Throughout these first stages of the design development process, no real effort will have been put into refining the quality of the digital model’s surfaces. The main aim has been to get to a stage where the design intent can be agreed. When that has been agreed and the whole of the exterior design has been completed, the 3D model is rebuilt in Alias® to create the high-quality surface data that will be required for the final production processes. From this data, a 1:16 scale detailed boat show physical model is produced. This model, along with high-end renderings of the design, will be used for final board-level approval.
Once approved, the model is subdivided within Alias® into its principal components – deck, fly-bridge, mast, etc. – and the individual models are exported from Alias® in the industry-standard STEP format back into Fairline’s mainstream 3D CAD system. Here they are incorporated into the master assembly model of the complete boat and engineering details are added, as necessary, before they are output for use in the final manufacturing process.
As Fairline’s Wright says,
“While the standard tools within Alias® are suitable for producing shaded images of the 3D model for real time design review purposes in the early design development stages, for the higher quality images that are needed for board presentation and marketing purposes we use Autodesk® 3ds Max® photo-realistic design visualisation software”.
Because the exterior form being developed with Alias® is bespoke for each boat, the design development process usually requires new geometry to be modelled from scratch, using the surface creation tools and ‘overlay canvas’ function within Alias®. Nevertheless, standard parts, such as hatches and cleats, that will form part of the overall design are selected from the parts library in Fairline’s mainstream CAD system and imported into Alias® as a reference for the modelling process. Overlay canvasses are used to sketch out and to resolve design details before committing time to 3D modelling.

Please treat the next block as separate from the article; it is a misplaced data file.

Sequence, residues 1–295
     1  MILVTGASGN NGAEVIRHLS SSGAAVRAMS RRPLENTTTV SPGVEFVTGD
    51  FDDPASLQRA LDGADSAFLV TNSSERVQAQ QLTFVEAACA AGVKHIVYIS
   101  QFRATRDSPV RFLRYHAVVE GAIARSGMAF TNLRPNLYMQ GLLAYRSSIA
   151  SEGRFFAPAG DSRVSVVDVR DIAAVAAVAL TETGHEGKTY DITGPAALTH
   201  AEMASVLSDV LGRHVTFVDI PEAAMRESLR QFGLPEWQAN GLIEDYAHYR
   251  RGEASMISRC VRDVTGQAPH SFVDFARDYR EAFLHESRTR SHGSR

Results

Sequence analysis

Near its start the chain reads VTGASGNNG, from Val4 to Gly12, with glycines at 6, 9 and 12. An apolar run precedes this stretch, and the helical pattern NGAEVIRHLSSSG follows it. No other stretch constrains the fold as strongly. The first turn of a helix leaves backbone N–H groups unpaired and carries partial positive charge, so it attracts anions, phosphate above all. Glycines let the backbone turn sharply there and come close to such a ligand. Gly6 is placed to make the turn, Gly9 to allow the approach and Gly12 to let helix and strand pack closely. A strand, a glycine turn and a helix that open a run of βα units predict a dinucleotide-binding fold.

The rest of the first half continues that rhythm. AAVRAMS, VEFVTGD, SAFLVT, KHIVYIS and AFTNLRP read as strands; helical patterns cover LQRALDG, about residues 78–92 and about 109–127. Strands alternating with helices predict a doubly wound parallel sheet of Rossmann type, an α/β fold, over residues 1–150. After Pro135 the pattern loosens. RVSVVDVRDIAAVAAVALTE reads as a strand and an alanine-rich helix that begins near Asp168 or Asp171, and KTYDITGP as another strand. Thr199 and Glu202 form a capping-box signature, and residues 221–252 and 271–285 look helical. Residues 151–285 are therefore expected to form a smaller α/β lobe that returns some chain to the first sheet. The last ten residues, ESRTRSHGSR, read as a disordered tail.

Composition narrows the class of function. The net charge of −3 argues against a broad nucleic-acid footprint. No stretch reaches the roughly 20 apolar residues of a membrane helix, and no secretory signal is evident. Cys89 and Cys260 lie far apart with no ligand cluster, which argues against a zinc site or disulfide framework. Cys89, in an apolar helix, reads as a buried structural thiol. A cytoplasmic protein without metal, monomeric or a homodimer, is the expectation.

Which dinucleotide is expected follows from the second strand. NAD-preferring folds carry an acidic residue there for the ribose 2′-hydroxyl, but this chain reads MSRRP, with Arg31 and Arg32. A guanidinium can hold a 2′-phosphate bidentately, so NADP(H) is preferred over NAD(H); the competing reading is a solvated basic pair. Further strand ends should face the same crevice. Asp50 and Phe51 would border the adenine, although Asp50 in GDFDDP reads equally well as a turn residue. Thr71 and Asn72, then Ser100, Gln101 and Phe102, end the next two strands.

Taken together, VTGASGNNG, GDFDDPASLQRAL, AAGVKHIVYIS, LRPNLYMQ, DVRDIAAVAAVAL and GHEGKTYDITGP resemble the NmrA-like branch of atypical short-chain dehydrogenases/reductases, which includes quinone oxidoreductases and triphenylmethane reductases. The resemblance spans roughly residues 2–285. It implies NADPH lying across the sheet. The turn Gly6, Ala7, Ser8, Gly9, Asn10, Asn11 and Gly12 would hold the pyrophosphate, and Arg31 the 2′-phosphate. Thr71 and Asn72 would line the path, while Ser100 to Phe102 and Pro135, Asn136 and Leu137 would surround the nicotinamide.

As is to be expected, regular design reviews are held throughout the design process. Within the design office, these reviews will take place on the desktop using shaded images of the Alias® model.
In addition to these regular ‘on-screen’ design reviews however, a 1:16 scale physical model, CNC machined from the Alias® model data in foam, will usually be produced after the first pass of exterior modelling has been completed. Usually, this model is just used to view and evaluate the design in physical form. However, sometimes changes will be made to this physical model. In these cases, the model is then scanned with a 3D scanner and the resulting point cloud data is imported into Alias® where it is used as an underlay for making changes to the 3D digital model.
Prior to the implementation of Autodesk® Alias® and 3ds Max® software, Fairline used their mainstream 3D parametric solid modelling CAD system for the aesthetic design of their boats’ exteriors. This involved a lot of printing out of 3D views of the boat for the designers to sketch over.
“Reinterpreting 2D hand sketches back into the CAD system was particularly difficult and time-consuming”, states Wright. “With Alias® however, 2D sketching is integrated with 3D modelling, which speeds up the whole design process. We can quickly switch between sketching and modelling, which provides a straightforward, integrated process for using the 2D sketches as the basis for 3D modelling.”
Another benefit that Alias® brings to Fairline’s design team is that, because it provides superior surface quality analysis tools, the 3D surface models created with Alias® can be more thoroughly interrogated for curvature and flatness and for continuity between adjoining surfaces.
“As this model data will be used in the manufacturing process”, explains Wright, “this helps to ensure that the final products are to the highest quality”.
And when your customers demand and expect excellence in terms of both style and comfort and of performance and quality, that’s a very real benefit.